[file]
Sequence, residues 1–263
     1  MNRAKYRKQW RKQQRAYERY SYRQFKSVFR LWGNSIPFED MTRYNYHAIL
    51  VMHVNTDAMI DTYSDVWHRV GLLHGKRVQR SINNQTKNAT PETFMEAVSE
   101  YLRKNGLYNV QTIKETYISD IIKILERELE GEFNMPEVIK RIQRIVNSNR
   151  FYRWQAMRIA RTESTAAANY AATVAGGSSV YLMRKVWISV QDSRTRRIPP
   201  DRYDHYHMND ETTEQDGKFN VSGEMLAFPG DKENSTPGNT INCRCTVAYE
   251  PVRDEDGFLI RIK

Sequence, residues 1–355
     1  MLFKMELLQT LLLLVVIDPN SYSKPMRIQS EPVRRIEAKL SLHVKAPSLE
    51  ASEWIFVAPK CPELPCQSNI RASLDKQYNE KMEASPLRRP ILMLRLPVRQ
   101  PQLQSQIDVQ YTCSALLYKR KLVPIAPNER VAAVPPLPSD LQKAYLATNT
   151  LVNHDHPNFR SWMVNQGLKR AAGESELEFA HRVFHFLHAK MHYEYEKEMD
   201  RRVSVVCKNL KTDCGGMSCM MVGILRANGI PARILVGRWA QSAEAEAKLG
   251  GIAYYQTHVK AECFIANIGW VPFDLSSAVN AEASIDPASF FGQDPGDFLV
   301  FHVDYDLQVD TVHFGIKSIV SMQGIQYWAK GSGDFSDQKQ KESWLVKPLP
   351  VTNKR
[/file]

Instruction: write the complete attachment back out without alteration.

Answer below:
Sequence, residues 1–263
     1  MNRAKYRKQW RKQQRAYERY SYRQFKSVFR LWGNSIPFED MTRYNYHAIL
    51  VMHVNTDAMI DTYSDVWHRV GLLHGKRVQR SINNQTKNAT PETFMEAVSE
   101  YLRKNGLYNV QTIKETYISD IIKILERELE GEFNMPEVIK RIQRIVNSNR
   151  FYRWQAMRIA RTESTAAANY AATVAGGSSV YLMRKVWISV QDSRTRRIPP
   201  DRYDHYHMND ETTEQDGKFN VSGEMLAFPG DKENSTPGNT INCRCTVAYE
   251  PVRDEDGFLI RIK

Sequence, residues 1–355
     1  MLFKMELLQT LLLLVVIDPN SYSKPMRIQS EPVRRIEAKL SLHVKAPSLE
    51  ASEWIFVAPK CPELPCQSNI RASLDKQYNE KMEASPLRRP ILMLRLPVRQ
   101  PQLQSQIDVQ YTCSALLYKR KLVPIAPNER VAAVPPLPSD LQKAYLATNT
   151  LVNHDHPNFR SWMVNQGLKR AAGESELEFA HRVFHFLHAK MHYEYEKEMD
   201  RRVSVVCKNL KTDCGGMSCM MVGILRANGI PARILVGRWA QSAEAEAKLG
   251  GIAYYQTHVK AECFIANIGW VPFDLSSAVN AEASIDPASF FGQDPGDFLV
   301  FHVDYDLQVD TVHFGIKSIV SMQGIQYWAK GSGDFSDQKQ KESWLVKPLP
   351  VTNKR